"Provenance" is a fancy word from the concours crowd that also applies to collectible muscle cars. It defines the history of either the model, the car itself, or the people who owned it. Provenance is simply the story that a car tells, a way to define the magic spell it casts over you. "When I get a car, I hope to get it from its original owner," Comer says. "He's got all the gas receipts, plus pictures of his kids standing next to the car when they were married. It sounds corny, but we're just curators of these cars, and the stories they tell will be around long after we're gone."
The condition of the car naturally counts for a lot, and this means originality as well as sheer shininess. This component of muscle car collectibility has become increasingly controversial. Plenty of cars are advertised as "numbers matching," a phrase taken from the world of Chevrolet Corvette collecting. It is meant to identify a car with its factory-installed original equipment, including the proper casting, date code, and identification numbers from its manufacture. The trouble is, some brokers use this phrase but can neither define those numbers nor even tell you where they are, a clear indicator of a fast-and-loose approach to a car's originality.
"To me," Comer says, "the word 'correct' defines the equipment a car should have in order to be like a certain model-but not necessarily the equipment it was built with. The car could be a clone, a lesser model built to resemble something more desirable. 'Numbers matching' means that the car is true to what it was born with, but you should remember that a lot of people these days think it means that they simply have to put the right numbers on a new part. A better word is 'original.' "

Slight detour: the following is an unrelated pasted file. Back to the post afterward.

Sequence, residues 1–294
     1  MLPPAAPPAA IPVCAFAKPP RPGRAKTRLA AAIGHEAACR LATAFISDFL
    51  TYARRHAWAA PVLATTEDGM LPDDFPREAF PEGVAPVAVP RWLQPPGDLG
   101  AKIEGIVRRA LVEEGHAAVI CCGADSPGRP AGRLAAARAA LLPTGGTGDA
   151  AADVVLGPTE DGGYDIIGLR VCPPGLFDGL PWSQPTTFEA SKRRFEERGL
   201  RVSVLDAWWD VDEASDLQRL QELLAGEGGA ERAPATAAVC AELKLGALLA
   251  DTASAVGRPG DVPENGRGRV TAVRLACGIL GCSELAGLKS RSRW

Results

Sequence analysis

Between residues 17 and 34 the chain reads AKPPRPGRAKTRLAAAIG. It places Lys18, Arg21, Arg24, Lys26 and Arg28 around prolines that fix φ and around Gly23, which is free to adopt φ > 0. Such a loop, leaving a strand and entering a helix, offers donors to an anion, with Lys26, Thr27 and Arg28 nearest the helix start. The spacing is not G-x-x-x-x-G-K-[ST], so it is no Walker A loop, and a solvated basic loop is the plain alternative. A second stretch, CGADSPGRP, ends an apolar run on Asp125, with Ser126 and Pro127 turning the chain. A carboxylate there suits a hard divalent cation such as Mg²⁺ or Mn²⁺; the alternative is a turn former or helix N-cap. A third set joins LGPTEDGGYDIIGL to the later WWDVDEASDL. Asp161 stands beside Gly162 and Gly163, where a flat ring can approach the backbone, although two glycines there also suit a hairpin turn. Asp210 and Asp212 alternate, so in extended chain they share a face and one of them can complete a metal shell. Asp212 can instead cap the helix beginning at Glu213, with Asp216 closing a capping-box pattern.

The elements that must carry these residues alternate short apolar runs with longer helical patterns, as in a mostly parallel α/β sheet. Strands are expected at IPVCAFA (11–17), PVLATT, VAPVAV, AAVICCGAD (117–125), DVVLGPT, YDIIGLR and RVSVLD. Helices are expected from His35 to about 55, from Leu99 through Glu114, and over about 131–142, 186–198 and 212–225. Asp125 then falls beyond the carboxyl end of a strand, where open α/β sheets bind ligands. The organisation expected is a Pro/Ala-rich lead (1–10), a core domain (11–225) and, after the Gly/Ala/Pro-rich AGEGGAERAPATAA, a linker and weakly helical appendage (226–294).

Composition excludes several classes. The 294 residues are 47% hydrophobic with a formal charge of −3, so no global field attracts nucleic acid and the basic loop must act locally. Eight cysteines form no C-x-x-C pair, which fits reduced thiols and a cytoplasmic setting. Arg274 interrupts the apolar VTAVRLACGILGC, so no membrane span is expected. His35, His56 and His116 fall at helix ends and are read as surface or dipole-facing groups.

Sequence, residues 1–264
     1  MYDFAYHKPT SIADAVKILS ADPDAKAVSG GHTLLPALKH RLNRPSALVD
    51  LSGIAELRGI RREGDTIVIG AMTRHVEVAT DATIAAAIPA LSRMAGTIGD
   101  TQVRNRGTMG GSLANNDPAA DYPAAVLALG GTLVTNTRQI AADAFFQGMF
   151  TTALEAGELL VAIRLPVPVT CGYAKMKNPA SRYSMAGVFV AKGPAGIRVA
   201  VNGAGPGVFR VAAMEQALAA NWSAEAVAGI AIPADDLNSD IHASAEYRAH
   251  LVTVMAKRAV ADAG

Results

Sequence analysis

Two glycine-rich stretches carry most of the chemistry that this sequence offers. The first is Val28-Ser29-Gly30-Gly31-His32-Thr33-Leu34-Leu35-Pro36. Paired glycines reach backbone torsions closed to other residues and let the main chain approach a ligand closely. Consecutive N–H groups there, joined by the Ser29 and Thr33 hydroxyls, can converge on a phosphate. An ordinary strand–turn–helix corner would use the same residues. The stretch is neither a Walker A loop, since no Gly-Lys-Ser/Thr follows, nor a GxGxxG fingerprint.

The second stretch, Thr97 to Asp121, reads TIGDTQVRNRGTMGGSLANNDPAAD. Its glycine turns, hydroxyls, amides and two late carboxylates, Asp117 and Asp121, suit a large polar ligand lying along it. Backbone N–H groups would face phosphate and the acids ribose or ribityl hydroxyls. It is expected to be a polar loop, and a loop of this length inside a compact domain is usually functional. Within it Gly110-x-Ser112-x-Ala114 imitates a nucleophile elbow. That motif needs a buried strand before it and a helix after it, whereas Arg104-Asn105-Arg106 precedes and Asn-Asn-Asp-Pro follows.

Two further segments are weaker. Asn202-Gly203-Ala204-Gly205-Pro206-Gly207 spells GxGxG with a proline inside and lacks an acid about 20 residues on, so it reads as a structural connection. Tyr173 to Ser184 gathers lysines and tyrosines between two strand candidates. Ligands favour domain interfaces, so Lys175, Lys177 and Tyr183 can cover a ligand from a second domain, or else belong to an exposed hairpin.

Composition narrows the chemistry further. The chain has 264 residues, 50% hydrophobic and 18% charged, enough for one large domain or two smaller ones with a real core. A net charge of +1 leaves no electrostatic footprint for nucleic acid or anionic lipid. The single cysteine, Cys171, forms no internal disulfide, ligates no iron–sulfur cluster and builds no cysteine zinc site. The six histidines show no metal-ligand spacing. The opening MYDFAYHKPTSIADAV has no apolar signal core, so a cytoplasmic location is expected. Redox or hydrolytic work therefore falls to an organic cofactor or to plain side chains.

The world of old muscle cars sounds so fraught with financial catastrophe that it's easy to get disenchanted with the whole business. But Comer is the first to remind us that the obsessions of collectors and speculators shouldn't be allowed to get in the way of ordinary people who want to drive and enjoy these cars. He says, "Muscle cars have personalities. They're all different. They were designed as cheap cars, cut down from larger models, and made with parts that were just lying around. They were built by guys who were drunk on Friday and hungover on Monday, and they would scrawl their names-or other things-on the bare sheetmetal. The cars were designed for kids who wrapped them around telephone poles or blew up the engines before the warranty expired. Some of them drive like crap, and there's a reason so few Hemi convertibles were built.
"But the reason to buy muscle cars is because they're drivable, and you will be driving them. These might even be the last-ever generation of cars to have collectible value, because they're simple to maintain and fun to drive. If you pull up in some fast new car like a Dodge Viper, people say, 'How much is that thing worth?' But when you arrive in a muscle car, they rush over and say, 'This is awesome. How fast does it go?' "
1969.5 Plymouth Road Runner